When J.T. Barrett announced that he was coming back for his senior season, there was a group of Ohio State fans that groaned.

They had seen enough of Barrett. Out with the old and in with the new. They wanted the Dwayne Haskins or Tate Martell era to begin after Barrett was swallowed whole by the Clemson defense in the Fiesta Bowl.

It’s an odd thought to have about a guy that as a junior, was named the Chicago Tribune’s Silver Football Award winner. Barrett is already Ohio State’s all-time leader in touchdowns and touchdown passes.

Barrett’s doubters would argue that those things were fueled by a banner freshman season and the name recognition he earned as a result of that. They’d point to the fact that since that record-breaking 2014 season, Barrett saw his completion percentage and yards per attempt decrease every year. The fact that he took a whopping 27 sacks last year didn’t help, either.

As a result, a lot of people don’t know what to make of Barrett heading into what feels like his 30th year in Columbus. He’s the unquestioned starter — much to the chagrin of said doubters — and he’s likely to be on the short list of preseason Heisman Trophy candidates.

Barrett’s record-setting freshman season created a nearly impossible bar for him to reach. Fair or not, his previous two seasons fell short of those expectations.

But if there was ever a reason for Barrett’s doubters to give him one more chance in 2017, it’s because of what he did in 2014.


When Ohio State announced that Ryan Day was coming on board as the new quarterbacks coach and co-offensive coordinator, everyone knew that he had two titles but he had one job: get Barrett back to his freshman self.

That’s easier said than done. Tim Beck unsuccessfully spent two years trying to do that. He couldn’t bring out the things that Tom Herman brought out in Barrett — poise, accuracy, a downfield passing game — and the result was regression. Beck was not entirely responsible for Barrett’s regression, but he was certainly part of it.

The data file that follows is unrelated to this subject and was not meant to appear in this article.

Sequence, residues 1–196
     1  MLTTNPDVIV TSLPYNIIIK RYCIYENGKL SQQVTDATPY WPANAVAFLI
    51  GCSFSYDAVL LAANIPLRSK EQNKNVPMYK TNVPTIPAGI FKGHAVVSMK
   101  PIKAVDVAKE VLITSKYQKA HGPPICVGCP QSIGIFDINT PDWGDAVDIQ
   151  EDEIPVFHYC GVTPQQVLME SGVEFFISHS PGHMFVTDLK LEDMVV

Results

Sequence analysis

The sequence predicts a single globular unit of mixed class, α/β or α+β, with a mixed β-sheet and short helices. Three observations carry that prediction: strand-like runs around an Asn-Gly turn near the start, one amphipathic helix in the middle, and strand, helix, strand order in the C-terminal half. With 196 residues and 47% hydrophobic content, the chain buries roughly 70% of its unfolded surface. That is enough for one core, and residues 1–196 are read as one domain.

With Beck off to Texas, Barrett will have a new chance with a new coordinator to recapture some of his 2014 magic.

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In his first media availability session on Wednesday, Day said something you don’t often hear about quarterbacks with Barrett’s experience.

“One thing that I think (Barrett) appreciates with me is that it is a clean slate,” Day said. “Every day, he’s trying to prove to me and I’m trying to prove to him the worth to each other.”

From there, Day sort of hedged his opinions. He said that he and Barrett were working a lot on his footwork and getting the ball out of his hands. The very next thing he said was that he didn’t see any hesitation out of Barrett when looking at his 2016 film.

Apparently he didn’t watch the Penn State game, or Barrett’s fourth play of the 2016 season:

The interceptions actually weren’t and have never really been Barrett’s problem. People forget that he threw 10 picks in his historic 2014 season. It’s easy to look past that when you throw 34 touchdown passes and average 9.03 yards per attempt.

That’s perhaps the most notable difference and the biggest frustration with Barrett the last two years. He doesn’t look as confident throwing the ball as he did as a redshirt freshman in Herman’s offense.

Remember how poised Barrett was in 2014 against Michigan State? Go back and watch the film against Cincinnati, too.

Did better pass protection and better receivers have something to do with that? Of course. But I still think that as much as than anything, Barrett’s production was the result of how comfortable he was in Herman’s offense.

He used to do things like this against quality secondaries:

If you need more convincing of Herman’s impact, go back and look at Cardale Jones during the 2014-15 title run compared to 2015 with Beck. Like Barrett, Jones became indecisive and his deep-ball mechanics struggled. Shoot, he didn’t look comfortable on intermediate throws, either.

After just one season in an NFL system, the Buffalo Bills said they were willing to give Jones the offense if Tyrod Taylor didn’t resign (he did).

Barrett and Jones are obviously two different quarterbacks with different career paths. Each struggled to match their 2014 success without Herman. Beck was a swing and a miss the last two years.

Who knows if Day will be the same thing?

We do know that in Day’s one year working with Sam Bradford, who was coming off a torn anterior cruciate ligament, he took a career 59-percent passer and turned him into the most accurate single-season passer in Philadelphia Eagles history. Bradford followed that up last year by setting an NFL record with a 71.6 completion percentage.

In other words, Day has fixed damaged goods before. Some view Barrett as damaged goods. Regardless of whatever quarterback guru the Buckeyes brought in, many believed and still believe that Barrett peaked three years ago. Maybe he did.

But it’s amazing what quarterbacks are capable of when they’re in the right situation. We saw that in 2014.

There’s still a chance we could see that in 2017.